The strike is over
Advance Auto Parts workers at Lehigh Valley warehouse vote to ratify labor agreement.
The strike started Sept. 4, when many of the 450 workers at Advance Auto Parts’ distribution center in Weisenberg Township lined the street near the facility’s entrance. With music blaring, workers chanted and held signs, including some reading, “Advance Auto Parts Workers Deserve a Fair Contract.”
A majority of the workers believe they have one now, after they voted 265-104 this week to ratify a collective bargaining agreement with Advance Auto, the Laborers’ International Union of North America Local 1310 announced Wednesday. The employees will return to their regular work schedule on Friday, the union said.
“Hundreds of AAP employees demonstrated tremendous strength over these last two weeks, and now they’re seeing the rewards,” Dennis L. Martire, LIUNA vice president and midAtlantic regional manager, said in a news release. “With support from political leaders and community advocates for a new contract, the parties achieved a compromise that is fair for both sides.”
The key to ending the strike, the union said, came Monday when Advance Auto added wage and bonus increases from its prestrike final offer, which offered 1.5% raises per year to employees reaching at least 10 years of service between 2019 and 2021. The workers’ threeyear contract, which will be signed within a couple days, specifies that all employees — regardless of employment duration — will receive a 1.5% to 2% wage increase for each year of the contract, the union said. Further, additional compensation will be available through new bonuses, including a $650 ratification bonus.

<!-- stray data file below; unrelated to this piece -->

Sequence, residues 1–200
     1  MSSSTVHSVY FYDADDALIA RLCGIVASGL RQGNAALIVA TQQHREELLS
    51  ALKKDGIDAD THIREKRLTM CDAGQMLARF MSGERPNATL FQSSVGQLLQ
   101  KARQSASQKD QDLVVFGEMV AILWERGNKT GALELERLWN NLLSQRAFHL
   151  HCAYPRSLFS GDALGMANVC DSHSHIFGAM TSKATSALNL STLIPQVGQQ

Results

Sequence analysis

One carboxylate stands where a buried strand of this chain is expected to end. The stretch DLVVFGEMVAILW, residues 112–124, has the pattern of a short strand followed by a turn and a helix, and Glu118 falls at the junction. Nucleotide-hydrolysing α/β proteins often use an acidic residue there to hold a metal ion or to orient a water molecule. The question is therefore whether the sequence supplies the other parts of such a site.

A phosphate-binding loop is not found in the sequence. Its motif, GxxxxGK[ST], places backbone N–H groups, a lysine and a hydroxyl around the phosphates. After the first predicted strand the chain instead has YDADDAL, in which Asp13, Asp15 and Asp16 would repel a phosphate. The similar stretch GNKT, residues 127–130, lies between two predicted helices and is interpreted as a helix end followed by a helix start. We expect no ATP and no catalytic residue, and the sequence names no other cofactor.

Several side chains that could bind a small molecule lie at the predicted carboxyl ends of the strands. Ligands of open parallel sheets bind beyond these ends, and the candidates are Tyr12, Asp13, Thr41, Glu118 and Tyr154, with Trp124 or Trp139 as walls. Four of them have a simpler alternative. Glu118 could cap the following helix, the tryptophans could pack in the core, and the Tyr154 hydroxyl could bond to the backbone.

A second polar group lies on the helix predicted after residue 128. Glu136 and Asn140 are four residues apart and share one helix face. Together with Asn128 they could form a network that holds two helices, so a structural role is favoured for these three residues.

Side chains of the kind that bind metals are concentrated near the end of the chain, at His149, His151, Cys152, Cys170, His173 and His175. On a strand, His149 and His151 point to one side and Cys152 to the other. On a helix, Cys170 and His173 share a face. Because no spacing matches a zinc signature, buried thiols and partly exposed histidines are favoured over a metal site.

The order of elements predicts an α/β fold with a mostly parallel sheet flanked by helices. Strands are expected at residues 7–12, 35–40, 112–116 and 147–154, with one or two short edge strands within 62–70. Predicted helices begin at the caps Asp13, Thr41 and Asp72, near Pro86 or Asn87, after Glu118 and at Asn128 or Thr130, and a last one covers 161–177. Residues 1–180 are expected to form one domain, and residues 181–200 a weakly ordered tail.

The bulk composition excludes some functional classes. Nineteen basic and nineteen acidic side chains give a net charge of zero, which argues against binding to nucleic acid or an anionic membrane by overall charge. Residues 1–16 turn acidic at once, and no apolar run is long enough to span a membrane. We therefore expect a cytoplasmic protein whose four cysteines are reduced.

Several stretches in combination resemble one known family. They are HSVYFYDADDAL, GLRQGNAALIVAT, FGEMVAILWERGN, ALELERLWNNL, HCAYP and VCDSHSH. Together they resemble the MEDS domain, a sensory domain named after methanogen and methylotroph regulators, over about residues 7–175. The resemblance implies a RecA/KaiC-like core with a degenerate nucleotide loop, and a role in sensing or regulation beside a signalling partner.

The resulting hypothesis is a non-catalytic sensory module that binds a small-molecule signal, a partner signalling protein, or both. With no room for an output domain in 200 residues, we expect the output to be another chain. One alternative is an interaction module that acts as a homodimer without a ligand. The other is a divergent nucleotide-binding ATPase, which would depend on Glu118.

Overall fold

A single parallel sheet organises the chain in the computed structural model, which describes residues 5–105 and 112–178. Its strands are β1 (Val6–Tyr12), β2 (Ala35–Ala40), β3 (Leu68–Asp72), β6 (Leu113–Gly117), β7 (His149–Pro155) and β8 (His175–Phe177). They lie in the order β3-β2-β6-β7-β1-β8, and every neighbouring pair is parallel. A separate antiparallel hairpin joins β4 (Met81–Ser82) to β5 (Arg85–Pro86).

“After bargaining in good faith with the Laborers’ International Union of North America (LIUNA) for nearly a year, we are pleased that our Team Members have voted to accept our contract offer,” Advance Auto said in a statement.
Negotiations between the two sides started two months after the workers voted to unionize in September 2018 in a 291-131 vote. The agreement brings to a close a labor dispute that turned bitter at times.
For example, the company last week filed a restraining order, which was signed off on by a judge and limited how the workers could picket at the distribution center. The union fired back, with one official last week calling the order, “bull----.”
A hearing on the matter was scheduled for Friday but is now canceled.
“LIUNA appreciates the company’s willingness to bridge differences and arrive at a deal that’s going to benefit workers, shareholders, and customers,” Tony Seiwell, business manager of the Laborers’ District Council of Eastern Pennsylvania, said in the release.
Advance Auto, a Fortune 500 company, operates distribution centers and more than 5,000 retail stores in North America, but it has few union locations. Less than 1% of the company’s 71,000 full- and part-time workers are represented by unions, according to its 2018 annual report.
The company’s local distribution center, on Commerce Circle in the Arcadia West Industrial Park, is one of the few unionized warehouses in the Lehigh Valley.
One of the only others is the True Value regional distribution center in Upper Macungie Township, a facility that will close by mid-March as True Value ramps up a new hub near Wilkes-Barre.
Workers at the Advance Auto Parts distribution center in Weisenberg Township demonstrate after going on strike Sept. 4.